Why does almond milk curdle in coffee?
Almond milk curdles in coffee because of the heat and acidity of the black coffee.
The protein in the almond milk coagulate when they come into contact with the acid of the coffee. This chemical reaction happens so obviously (i.e. the splitting of your milk) because of the big temperature difference in hot coffee and cold almond milk. Most non-dairy or plant-based milks curdle in the same way. Dairy milk on the other hand doesn’t curdle in coffee despite a temperature difference because it has a very low acidity and doesn’t react with the coffee. If dairy milk does curdle, this means it is about to go off and the bacteria has started producing extra acid. Baristas are able to use almond milk when making your favourite flat white because they heat their milk and have access to barista grade milks that have stabilisers (such as vegetable gum) to them, a higher concentration of almonds, and may have been altered to have lower acidity by altering calcium levels.
How to stop almond milk curdling
If you love almond milk
coffee and want to prevent curdling, there are several ways to do it:
1. Heat the milk and let the coffee cool so they’re more similar in temperature. This may stop the almond milk from splitting.
2. Mix a little coffee with your almond milk before adding the rest of the coffee. This will also make them more even temperatures and help stop splitting.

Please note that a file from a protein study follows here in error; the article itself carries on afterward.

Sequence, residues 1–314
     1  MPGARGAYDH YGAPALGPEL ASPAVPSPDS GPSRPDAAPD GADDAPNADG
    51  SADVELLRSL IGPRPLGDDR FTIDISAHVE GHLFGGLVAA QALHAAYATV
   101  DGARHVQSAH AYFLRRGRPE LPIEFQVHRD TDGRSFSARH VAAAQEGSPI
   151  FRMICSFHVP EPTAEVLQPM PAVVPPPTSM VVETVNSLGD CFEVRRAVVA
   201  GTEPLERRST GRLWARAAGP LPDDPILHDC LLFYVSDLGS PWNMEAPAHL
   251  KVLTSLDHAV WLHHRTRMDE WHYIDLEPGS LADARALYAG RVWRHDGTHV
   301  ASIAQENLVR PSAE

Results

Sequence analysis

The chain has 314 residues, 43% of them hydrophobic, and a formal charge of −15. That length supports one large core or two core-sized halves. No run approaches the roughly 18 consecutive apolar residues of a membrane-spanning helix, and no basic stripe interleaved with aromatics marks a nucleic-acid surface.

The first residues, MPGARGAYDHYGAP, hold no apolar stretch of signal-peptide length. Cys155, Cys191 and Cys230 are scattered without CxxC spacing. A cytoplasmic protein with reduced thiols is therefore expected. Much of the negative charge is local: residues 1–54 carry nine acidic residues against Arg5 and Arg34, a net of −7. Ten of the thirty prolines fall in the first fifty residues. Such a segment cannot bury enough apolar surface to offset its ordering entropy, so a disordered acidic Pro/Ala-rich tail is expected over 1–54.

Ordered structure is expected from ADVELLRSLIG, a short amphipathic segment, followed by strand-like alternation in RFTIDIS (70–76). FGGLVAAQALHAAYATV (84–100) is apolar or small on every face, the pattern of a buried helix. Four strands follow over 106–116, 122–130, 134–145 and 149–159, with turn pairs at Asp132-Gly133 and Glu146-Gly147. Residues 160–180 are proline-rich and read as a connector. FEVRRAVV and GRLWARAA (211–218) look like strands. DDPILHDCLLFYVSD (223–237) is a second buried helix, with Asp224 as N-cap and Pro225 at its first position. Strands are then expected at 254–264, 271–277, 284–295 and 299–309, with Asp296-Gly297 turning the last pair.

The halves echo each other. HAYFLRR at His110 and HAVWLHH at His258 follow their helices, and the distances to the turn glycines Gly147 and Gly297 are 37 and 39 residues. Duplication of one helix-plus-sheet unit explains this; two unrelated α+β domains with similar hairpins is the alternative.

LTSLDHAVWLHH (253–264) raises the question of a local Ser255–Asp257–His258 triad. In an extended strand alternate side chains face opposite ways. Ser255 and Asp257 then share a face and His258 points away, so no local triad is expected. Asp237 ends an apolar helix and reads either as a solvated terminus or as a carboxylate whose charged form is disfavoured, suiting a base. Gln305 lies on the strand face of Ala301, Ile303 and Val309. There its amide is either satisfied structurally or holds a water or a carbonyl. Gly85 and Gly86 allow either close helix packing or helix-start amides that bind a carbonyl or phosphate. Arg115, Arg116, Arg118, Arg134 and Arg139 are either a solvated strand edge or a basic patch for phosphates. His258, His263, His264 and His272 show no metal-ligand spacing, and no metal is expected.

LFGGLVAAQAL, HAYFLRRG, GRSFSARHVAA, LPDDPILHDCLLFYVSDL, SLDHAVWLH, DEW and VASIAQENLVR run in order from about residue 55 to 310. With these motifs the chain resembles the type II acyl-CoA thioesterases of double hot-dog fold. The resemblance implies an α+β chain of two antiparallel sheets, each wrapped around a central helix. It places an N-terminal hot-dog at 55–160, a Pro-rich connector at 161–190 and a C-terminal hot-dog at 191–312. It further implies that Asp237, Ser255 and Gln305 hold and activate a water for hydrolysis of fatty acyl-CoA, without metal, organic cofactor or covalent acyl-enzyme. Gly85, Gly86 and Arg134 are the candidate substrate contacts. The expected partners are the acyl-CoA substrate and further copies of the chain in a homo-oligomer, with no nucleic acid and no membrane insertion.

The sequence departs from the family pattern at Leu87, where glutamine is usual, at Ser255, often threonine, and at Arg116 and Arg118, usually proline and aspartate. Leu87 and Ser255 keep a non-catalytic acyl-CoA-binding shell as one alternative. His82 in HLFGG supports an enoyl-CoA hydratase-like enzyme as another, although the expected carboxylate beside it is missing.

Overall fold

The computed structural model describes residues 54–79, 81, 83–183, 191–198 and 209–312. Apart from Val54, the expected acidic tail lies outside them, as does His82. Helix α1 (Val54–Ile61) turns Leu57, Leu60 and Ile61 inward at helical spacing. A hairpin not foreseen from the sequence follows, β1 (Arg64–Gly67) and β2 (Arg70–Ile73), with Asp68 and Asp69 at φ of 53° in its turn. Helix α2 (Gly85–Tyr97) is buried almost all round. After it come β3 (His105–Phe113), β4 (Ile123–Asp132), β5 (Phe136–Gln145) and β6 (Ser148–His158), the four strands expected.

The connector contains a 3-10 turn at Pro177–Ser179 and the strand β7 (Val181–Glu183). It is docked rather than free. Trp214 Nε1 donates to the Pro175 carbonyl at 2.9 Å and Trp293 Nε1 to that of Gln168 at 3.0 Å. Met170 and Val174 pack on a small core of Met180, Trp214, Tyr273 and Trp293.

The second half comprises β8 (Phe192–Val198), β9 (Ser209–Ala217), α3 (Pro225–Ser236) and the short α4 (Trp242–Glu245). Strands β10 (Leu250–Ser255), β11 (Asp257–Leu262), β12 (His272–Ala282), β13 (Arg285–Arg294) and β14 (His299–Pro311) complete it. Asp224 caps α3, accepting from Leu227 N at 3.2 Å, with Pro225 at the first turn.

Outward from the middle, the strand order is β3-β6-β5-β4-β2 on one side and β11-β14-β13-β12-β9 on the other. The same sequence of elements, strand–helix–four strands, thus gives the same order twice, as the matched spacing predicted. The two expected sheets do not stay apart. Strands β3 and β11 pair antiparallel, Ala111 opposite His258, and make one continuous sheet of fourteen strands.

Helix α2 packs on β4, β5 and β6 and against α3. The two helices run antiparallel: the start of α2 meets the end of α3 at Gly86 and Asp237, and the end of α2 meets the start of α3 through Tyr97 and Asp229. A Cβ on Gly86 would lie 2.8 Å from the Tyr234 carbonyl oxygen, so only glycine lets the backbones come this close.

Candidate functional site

3. Use coffee with low acidity. Dark roasts and coffee beans grown at lower altitudes are usually lower in acid.
4. Get a barista to make it! Baristas have access to almond milk that is specifically designed to not split when mixed with coffee. One brand of barista grade almond milk is MILKLAB almond milk.
What is almond milk exactly?
is a non-dairy, plant-based milk made from mixing almonds (usually ground in a blender) with water, and then straining the sediment. It has a light, nutty and almost sweet taste that is much thinner than full-cream dairy milk because of the water content. 10 years ago few people had heard of almond milk (although it has been around since the middle ages!), but now you can get it at every cafe on the corner. Its popularity is due to a rise in veganism and lactose intolerance, and a growing coffee culture that demands variety. People may prefer almond milk for lifestyle reasons (i.e. they are vegan), dietary reasons (i.e. they’re lactose intolerant or unable to drink soy milk), or they may simply like the taste.